But they had not really mentioned the base!!
They had mentioned that it was round and wooden - but had not mentioned the steel structure and the wrought iron and the 1 ton weight limit....    Apparently -when it arrived at the Hospice they brought it in a lorry into the park and then 4 of the handymen staff rolled it into place as it was impossible to lift ... 

All in all it was not really an option ...

But we had a lovely guided tour around the Hospice - the most lovely place for anyone to stay. Each room looks out upon the sea. It is peaceful and bright and it is clear that it is a place that would be uplifting to attend - as we looked through the recreation rooms we looked out through the window and saw the workmen putting the daffodil back together again - it seems that they had taken it apart for us to use - and we got a clear idea of the real size of this thing ....

It was lovely to have a guided tour of an amazing place and a really worthwhile cause for fund raising.

This view does not give an idea of the view you get from the building...   but I was impressed  

Good luck to Côr Curiad for their efforts to raise funds 

Thursday, 21 June 2018

21st June 2018 - Longest day again

Thought for the day :"Longest day ? No - it is 24 hours the same as every other one!"

Yes it is the Solstice - but let's be fair - a day is a day !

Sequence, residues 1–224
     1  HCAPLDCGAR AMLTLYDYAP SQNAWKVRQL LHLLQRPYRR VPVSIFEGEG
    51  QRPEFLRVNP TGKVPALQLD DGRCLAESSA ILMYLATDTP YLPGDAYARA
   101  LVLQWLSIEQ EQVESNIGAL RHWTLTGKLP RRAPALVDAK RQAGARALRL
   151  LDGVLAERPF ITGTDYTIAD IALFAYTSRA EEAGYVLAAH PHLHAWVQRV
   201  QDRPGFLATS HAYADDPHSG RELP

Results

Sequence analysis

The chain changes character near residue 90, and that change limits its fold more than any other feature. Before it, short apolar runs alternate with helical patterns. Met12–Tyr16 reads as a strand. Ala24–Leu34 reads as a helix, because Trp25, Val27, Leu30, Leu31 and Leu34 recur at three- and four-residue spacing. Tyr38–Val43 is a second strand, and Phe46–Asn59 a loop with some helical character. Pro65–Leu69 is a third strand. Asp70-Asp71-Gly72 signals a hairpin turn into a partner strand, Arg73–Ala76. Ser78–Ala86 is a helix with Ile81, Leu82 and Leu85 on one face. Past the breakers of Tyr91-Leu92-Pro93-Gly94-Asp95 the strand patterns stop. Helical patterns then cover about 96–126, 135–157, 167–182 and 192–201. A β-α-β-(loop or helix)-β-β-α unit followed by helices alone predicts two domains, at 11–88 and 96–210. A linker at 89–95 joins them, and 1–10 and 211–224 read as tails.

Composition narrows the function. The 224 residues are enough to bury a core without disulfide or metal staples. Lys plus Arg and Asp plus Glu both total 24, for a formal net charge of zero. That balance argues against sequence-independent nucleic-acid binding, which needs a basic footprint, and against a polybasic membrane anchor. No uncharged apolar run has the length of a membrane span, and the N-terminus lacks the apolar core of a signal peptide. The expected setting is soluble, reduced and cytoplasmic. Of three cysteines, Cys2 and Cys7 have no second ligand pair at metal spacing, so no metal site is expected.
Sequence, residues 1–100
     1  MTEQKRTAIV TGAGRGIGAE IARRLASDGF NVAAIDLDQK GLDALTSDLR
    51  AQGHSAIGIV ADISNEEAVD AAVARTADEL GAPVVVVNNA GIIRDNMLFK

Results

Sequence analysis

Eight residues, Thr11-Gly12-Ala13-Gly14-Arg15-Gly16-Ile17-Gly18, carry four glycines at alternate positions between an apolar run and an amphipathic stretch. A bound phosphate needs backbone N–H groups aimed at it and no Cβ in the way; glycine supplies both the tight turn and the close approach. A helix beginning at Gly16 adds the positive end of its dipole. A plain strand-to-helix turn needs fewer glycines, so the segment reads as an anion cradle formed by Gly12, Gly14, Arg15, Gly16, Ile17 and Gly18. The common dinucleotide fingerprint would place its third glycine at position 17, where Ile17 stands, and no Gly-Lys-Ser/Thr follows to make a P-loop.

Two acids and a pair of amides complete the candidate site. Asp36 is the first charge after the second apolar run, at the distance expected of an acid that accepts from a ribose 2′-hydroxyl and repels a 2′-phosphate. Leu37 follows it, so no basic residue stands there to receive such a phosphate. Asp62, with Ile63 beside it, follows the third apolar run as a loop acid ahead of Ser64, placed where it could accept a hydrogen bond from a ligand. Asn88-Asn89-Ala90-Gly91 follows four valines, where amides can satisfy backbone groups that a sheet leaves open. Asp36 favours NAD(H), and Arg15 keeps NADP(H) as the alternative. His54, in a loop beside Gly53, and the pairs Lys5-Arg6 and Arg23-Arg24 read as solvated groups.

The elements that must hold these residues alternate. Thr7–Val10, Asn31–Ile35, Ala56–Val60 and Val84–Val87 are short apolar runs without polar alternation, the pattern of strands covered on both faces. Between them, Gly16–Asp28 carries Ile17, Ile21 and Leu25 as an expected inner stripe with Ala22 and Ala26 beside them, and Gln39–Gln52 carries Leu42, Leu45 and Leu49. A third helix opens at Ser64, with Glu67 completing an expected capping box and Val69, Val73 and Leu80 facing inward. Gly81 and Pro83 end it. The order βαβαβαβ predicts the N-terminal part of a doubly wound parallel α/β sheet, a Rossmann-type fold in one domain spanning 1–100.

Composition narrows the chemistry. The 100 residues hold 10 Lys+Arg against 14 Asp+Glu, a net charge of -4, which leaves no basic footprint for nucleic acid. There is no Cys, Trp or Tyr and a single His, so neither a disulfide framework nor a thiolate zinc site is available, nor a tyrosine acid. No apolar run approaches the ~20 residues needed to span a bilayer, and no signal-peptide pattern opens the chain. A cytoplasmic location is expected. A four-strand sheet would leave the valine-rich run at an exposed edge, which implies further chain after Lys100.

In other matters I went to Kilkenny Cat last night for the open mic night and played a set of three - Mr Bo Jangles, Ti a dy ddoniau and Tanja's Song. Apparently the Welsh is not too bad ...

Working upon pronunciations and accent - after all they say that I speak Welsh with a Japanese Accent!!

Ti a dy ddoniau

A link to Ty a dy ddoniau - You and your Talents

Ryan and Ronnie 

Tristan a Gwidion

Jodie Marie
So I will leave these here for links


Wednesday, 20 June 2018

20th June 2018 - Tranquility and Commuting

Thought for the day:"Why is it Possession of Marijuana and not Joint Custody?"
I don't mean to get into the questions being raised about he medical use of Marijuana - but that appealed to my sense of humour.

Quite enjoyed this version for the the lands of Mythodea

Flying Darts 

A friend posted how tranquil the journey to work was this morning - I suppose just to wind up those who do not live and work in rural Wales

I thought something was missing ...

That is better ....

And so with this thought I leave you
Cheers !

Tuesday, 19 June 2018

19th June 2018 - I'm not an Einstein you know!

Thought for the day: "I wanted a herb-crusted fish dinner, but I couldn't find the thyme nor the plaice."

Yesterday was a day where I mentioned the famous Cream and Jam considerations for Scones - with the reference to the Music Festival being cancelled ...

I was then presented with this fine gem from Donald Trump

Jam First !!

Well, Athelstan over yesterday with a Grand Lodge Certificate presentation and a lovely turn out for three candidates.

Forms filled in this morning for Father in Law and Housing Benefit and calls from the DWP regarding attendance allowance for him.

More forms to fill in for the HSBC "Safety Care" assessment - which is a right pain as they keep asking for documentation that they already have - but that is bureaucracy for you - need to have them signed by responsible person - apparently a funeral director qualifies!